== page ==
Earlier this year I shared a post called The Case for Collaboration in which I described my early experiences with teamwork and argued that business today is all about being able to work effectively with others. I ended the post with an opinion framed not by facts but by my experience. I wrote:
At this point in my career my ability to collaborate effectively is probably my single biggest skill. I rely on it more than my ability to create spreadsheets or alternatives analysis. It is more important to me than building a PowerPoint deck or reflective listening. Finding the right people and getting them aligned on a shared objective — it is more important than anything else.
Today, I read an article from the Harvard Business Review that both validated my view and suggested a significant cost to my being right, costs to both to me and the organizations that rely on my abilities.
The article, Collaborative Overload (HBR, January 2016) notes several interesting facts from its research:
- “…over the past two decades, time spent by managers and employees in collaborative activities has ballooned by 50% or more.”
- At most companies, people spend 80% of time on collaborative tasks (meetings, phone, email)
- “In most cases, 20% to 35% of value-added collaborations come from only 3% to 5% of employees.”
- “…roughly 20% of organizational “stars” don’t help; they hit their numbers (and earn kudos for it) but don’t amplify the success of their colleagues.”
- “The lion’s share of collaborative work tends to fall on women.”
As I read the article, I felt better and better about the way that I consistently work to share my information, social network and time and worse and worse about the negative impacts that the article said my collaborative overload was having on me and my teams. The article said that I was setting myself up for burnout and there was a risk I could become an institutional bottleneck and so overtaxed as to become ineffective.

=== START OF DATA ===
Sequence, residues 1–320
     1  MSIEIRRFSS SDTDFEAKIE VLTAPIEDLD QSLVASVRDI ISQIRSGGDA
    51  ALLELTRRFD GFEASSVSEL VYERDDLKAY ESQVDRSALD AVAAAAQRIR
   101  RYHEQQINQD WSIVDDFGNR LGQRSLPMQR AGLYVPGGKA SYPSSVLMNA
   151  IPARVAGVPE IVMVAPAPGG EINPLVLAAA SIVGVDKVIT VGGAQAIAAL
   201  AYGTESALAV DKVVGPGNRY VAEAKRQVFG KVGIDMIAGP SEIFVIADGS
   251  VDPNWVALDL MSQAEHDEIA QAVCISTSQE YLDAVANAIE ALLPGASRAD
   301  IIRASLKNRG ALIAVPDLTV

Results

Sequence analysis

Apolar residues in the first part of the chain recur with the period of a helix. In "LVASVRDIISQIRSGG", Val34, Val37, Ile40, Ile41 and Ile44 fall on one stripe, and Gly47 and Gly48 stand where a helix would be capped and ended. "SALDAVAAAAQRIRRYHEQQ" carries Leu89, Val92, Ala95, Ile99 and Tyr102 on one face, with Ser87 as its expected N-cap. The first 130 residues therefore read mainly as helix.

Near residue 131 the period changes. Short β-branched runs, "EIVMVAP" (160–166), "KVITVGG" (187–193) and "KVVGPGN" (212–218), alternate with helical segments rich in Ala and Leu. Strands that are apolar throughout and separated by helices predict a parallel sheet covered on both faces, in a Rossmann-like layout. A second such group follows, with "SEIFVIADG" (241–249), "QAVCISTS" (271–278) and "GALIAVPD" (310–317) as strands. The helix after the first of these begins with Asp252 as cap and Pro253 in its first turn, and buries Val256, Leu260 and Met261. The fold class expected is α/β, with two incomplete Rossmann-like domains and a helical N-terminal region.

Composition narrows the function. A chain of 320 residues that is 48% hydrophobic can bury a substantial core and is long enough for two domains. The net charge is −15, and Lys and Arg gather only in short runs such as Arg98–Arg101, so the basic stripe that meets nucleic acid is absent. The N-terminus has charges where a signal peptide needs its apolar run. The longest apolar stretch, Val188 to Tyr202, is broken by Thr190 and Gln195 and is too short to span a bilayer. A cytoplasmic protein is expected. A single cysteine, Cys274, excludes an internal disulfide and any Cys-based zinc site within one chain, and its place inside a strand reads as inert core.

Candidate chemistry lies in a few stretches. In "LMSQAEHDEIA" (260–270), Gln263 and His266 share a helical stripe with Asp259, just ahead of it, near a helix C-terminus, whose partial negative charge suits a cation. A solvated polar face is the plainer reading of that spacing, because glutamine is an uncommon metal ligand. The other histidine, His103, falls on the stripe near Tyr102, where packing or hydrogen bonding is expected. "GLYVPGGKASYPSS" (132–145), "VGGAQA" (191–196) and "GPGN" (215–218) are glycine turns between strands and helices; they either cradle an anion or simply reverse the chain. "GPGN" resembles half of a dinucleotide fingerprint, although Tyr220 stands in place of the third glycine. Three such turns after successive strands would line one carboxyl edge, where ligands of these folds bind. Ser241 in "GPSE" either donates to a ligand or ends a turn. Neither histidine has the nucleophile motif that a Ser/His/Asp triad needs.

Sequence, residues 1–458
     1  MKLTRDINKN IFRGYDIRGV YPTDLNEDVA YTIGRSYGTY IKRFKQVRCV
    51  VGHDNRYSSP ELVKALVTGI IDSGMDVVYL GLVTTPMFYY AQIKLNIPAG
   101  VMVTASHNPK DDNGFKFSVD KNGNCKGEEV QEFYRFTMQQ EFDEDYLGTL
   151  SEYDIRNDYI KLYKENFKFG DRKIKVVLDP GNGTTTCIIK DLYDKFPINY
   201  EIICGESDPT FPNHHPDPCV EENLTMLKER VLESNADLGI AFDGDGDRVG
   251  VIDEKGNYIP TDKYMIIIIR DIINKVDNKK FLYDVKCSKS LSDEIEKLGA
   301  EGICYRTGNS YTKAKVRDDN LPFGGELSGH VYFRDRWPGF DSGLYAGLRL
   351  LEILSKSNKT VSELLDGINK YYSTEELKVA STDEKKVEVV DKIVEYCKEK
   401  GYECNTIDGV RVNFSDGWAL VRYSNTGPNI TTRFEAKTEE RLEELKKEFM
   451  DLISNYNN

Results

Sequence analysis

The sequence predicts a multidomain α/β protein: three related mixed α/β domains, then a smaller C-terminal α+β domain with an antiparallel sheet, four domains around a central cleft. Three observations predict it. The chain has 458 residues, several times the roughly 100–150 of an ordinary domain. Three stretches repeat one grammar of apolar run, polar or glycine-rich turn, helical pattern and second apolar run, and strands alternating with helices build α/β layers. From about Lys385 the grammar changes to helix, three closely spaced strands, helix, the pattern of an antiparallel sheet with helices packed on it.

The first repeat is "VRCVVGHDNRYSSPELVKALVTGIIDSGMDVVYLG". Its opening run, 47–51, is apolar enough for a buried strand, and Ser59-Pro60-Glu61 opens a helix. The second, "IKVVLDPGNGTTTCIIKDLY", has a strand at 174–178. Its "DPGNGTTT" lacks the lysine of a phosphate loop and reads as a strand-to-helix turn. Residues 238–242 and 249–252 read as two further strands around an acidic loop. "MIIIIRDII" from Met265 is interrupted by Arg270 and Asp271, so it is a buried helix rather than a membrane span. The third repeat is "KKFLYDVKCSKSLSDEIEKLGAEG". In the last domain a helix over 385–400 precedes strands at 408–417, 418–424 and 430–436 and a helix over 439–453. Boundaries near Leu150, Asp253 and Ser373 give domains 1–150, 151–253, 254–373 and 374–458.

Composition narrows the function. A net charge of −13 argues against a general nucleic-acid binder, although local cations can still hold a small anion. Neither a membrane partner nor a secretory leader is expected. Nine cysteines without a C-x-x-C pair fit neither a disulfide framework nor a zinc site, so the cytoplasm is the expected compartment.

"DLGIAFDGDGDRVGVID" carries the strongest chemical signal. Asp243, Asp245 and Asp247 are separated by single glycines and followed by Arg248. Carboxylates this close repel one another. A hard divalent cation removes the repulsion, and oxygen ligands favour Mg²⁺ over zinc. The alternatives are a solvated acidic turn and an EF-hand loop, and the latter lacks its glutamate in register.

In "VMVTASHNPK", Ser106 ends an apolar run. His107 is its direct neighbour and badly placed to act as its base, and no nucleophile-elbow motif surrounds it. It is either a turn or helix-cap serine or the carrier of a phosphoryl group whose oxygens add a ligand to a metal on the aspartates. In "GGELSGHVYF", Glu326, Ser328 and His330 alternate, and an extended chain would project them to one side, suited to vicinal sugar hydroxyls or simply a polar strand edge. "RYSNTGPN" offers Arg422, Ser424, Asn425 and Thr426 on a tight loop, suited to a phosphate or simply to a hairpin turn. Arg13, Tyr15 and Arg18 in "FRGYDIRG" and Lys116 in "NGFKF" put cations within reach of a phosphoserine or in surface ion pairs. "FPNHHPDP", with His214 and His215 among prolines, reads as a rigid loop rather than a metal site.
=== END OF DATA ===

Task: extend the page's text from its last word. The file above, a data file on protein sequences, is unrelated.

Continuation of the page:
It’s hard to look in a mirror and not like what you see.
So, what to do about it? Given my value system, there’s approximately 0% chance that I will turn into a ‘door closed, don’t ask me, say no to everything’ person. But, thankfully, the authors suggested some concrete ideas for responding that don’t involve me not being me.
First, it suggests shifting from being a personal resource (investing my own time and energy in solving) to being both an informational resource (sharing knowledge and skills) and social resource (providing access and network). Both of those collaborative resources are more efficient and the good news is that I already try to do both of those things. But, it’s a reminder that I need to do it more and to be consciously stingy about where I deploy the scarcest of my resources, my time and energy.
Second, it suggests changing how I respond to requests, by thoughtfully triaging emails and meeting requests. That’s always easier said than done. Strangely, I find that when I am most exhausted I retreat into the comfort of “cleaning my email box”. And, anytime I do try to set up barriers or limits (checking email twice a day, creating quick ways to delegate or ignore) it never lasts for long. The problem is doing those tasks is simple and I’m good at it — and I feel guilty ignoring the constant demands hiding there.
Lastly, the article suggested ways to increase awareness on the need to recognize and reward individuals who manage to deliver results and help others deliver. Those employees, the article and related studies suggest, have the potential to contribute substantially more than their teammates, driving organizational performance at a time when collaboration is critical to success.
But only if they don’t burn themselves out first.